Monday, April 20, 2009

Q89 A5: Whether the habit of knowledge here acquired remains in the separated soul?

Yes. Knowledge acquired in the present life does not remain in the separated soul, as regards what belongs to the sensitive powers; but as regards what belongs to the intellect itself, it must remain; because it is evident that human knowledge is not corrupted through corruption of the subject, for the intellect is an incorruptible faculty; and neither can the intelligible species in the passive intellect be corrupted by their contrary, for there is no contrary to intelligible "intentions," above all as regards simple intelligence of "what a thing is."

Quantum ergo ad id quod aliquis praesentis scientiae habet in inferioribus viribus, non remanebit in anima separata, sed quantum ad id quod habet in ipso intellectu, necesse est ut remaneat; quia manifestum est quod per corruptionem subiecti, scientia quae est in intellectu humano, corrumpi non potest, cum intellectus sit incorruptibilis; similiter etiam nec per contrarium corrumpi possunt species intelligibiles quae sunt in intellectu possibili, quia intentioni intelligibili nihil est contrarium; et praecipue quantum ad simplicem intelligentiam, qua intelligitur quod quid est.

Since knowledge resides in the intellect, which is "the abode of species," as the Philosopher says (De Anima iii, 4), the habit of knowledge here acquired must be partly in the aforesaid sensitive powers and partly in the intellect. This can be seen by considering the very actions from which knowledge arises. For "habits are like the actions whereby they are acquired" (Ethic. ii, 1).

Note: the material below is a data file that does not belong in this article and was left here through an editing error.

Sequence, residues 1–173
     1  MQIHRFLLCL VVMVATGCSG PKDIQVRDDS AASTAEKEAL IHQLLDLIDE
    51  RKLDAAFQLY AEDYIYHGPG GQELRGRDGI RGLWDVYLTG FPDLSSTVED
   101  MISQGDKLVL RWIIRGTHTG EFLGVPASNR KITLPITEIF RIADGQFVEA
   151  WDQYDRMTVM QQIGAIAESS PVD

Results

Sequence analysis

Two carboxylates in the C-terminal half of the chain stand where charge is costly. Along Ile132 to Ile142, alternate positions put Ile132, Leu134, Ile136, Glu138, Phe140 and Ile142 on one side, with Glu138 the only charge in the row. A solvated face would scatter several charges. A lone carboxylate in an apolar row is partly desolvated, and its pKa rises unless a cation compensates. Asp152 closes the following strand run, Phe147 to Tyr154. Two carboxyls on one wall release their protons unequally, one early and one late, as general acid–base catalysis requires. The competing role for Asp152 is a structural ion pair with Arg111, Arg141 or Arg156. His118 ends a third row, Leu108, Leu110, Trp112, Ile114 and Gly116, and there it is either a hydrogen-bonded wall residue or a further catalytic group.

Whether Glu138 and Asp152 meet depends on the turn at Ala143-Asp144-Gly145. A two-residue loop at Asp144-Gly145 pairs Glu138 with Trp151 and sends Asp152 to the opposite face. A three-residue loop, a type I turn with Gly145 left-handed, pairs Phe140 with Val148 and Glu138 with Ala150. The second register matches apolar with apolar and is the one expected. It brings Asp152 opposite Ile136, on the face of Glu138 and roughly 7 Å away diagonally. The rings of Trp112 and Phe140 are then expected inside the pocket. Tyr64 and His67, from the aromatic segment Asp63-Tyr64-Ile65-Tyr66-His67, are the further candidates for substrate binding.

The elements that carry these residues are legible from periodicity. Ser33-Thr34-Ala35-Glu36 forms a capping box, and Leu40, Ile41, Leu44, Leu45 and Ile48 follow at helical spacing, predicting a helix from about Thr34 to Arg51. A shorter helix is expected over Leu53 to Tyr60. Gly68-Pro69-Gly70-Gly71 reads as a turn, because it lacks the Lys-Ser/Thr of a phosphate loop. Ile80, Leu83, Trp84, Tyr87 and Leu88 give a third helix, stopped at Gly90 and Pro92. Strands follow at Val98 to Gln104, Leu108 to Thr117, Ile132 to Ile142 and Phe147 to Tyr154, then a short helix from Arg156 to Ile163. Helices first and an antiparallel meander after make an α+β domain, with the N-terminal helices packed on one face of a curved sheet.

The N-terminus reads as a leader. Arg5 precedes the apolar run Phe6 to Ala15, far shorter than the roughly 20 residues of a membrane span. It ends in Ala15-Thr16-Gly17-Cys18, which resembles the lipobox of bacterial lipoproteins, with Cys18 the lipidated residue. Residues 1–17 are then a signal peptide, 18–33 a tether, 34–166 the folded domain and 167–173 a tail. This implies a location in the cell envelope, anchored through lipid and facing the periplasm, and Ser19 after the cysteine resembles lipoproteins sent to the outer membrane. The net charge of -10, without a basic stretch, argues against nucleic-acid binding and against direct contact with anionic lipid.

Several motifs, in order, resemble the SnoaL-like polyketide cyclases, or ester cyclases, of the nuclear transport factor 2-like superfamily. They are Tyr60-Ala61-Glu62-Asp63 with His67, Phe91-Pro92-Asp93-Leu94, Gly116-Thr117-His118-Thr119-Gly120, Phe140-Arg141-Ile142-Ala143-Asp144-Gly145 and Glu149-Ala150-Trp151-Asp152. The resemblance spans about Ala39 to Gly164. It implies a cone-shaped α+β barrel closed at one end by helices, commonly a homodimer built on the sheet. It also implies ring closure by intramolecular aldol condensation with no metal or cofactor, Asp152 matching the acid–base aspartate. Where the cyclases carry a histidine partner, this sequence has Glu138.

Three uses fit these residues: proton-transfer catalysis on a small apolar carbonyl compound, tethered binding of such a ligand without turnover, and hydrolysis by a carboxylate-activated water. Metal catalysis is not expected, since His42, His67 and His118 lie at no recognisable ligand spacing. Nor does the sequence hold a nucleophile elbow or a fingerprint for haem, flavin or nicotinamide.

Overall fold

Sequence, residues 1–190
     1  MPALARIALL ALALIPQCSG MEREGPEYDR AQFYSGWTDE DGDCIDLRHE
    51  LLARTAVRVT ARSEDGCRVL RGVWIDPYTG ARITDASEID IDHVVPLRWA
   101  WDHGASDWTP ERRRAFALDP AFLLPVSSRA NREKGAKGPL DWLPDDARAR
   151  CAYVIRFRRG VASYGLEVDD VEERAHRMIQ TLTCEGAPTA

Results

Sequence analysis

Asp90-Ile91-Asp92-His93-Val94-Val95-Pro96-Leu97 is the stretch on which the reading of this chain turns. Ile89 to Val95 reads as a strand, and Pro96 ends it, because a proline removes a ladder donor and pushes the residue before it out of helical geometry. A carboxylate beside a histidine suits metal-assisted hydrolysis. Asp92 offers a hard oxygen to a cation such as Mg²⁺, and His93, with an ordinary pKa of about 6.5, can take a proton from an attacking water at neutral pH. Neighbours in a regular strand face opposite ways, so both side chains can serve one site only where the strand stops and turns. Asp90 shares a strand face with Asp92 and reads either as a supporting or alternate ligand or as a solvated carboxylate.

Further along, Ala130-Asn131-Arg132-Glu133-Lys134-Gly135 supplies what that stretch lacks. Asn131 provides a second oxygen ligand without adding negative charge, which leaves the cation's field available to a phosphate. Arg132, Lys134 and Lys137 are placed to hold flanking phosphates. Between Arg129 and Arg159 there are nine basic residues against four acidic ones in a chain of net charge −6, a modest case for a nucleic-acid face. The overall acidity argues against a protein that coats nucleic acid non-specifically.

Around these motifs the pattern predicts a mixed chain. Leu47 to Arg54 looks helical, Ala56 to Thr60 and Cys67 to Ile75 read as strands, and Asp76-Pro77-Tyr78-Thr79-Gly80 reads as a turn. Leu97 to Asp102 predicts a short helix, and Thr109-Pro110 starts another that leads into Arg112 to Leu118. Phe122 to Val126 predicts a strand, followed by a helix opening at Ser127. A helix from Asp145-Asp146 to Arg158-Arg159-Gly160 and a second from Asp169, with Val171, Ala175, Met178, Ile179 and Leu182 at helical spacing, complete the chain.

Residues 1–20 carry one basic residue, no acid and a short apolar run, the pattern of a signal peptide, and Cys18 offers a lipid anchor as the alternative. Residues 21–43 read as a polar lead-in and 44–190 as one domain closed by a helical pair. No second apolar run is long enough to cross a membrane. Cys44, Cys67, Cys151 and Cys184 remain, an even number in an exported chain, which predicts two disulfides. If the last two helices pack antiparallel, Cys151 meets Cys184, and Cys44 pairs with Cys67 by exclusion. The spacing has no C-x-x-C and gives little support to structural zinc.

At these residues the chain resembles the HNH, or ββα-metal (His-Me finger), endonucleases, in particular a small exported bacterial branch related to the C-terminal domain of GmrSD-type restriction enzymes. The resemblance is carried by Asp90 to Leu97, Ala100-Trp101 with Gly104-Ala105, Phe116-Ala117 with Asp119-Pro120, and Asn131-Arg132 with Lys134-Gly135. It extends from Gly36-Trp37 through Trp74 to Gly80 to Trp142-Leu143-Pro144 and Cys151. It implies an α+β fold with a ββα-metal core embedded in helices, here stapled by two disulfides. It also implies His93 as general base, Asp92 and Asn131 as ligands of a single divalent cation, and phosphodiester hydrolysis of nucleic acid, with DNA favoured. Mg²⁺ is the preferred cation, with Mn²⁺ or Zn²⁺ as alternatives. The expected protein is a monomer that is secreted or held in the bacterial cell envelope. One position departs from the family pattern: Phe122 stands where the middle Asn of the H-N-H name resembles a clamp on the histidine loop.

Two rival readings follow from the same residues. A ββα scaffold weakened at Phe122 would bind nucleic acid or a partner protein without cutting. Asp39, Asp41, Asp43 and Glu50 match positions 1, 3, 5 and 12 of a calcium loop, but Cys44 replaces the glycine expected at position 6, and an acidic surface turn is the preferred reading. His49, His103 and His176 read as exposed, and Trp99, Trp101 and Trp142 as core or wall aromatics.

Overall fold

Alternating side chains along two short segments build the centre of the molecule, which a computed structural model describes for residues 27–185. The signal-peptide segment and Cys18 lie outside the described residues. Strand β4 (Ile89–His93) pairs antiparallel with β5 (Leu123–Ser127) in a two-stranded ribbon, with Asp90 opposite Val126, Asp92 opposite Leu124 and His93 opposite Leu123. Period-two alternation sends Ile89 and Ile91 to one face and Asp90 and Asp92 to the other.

Sed quia scientia est in intellectu, qui est locus specierum, ut dicitur in III de anima; oportet quod habitus scientiae hic acquisitae partim sit in praedictis viribus sensitivis, et partim in ipso intellectu. Et hoc potest considerari ex ipsis actibus ex quibus habitus scientiae acquiritur, nam "habitus sunt similes actibus ex quibus acquiruntur", ut dicitur in II Ethic.

Now the actions of the intellect, by which knowledge is here acquired, are performed by the mind turning to the phantasms in the aforesaid sensitive powers. Hence through such acts the passive intellect acquires a certain facility in considering the species received: and the aforesaid sensitive powers acquire a certain aptitude in seconding the action of the intellect when it turns to them to consider the intelligible object.

Actus autem intellectus ex quibus in praesenti vita scientia acquiritur, sunt per conversionem intellectus ad phantasmata, quae sunt in praedictis viribus sensitivis. Unde per tales actus et ipsi intellectui possibili acquiritur facultas quaedam ad considerandum per species susceptas; et in praedictis inferioribus viribus acquiritur quaedam habilitas ut facilius per conversionem ad ipsas intellectus possit intelligibilia speculari.

But as the intellectual act resides chiefly and formally in the intellect itself, whilst it resides materially and dispositively in the inferior powers, the same distinction is to be applied to habit.

Sed sicut actus intellectus principaliter quidem et formaliter est in ipso intellectu, materialiter autem et dispositive in inferioribus viribus, idem etiam dicendum est de habitu.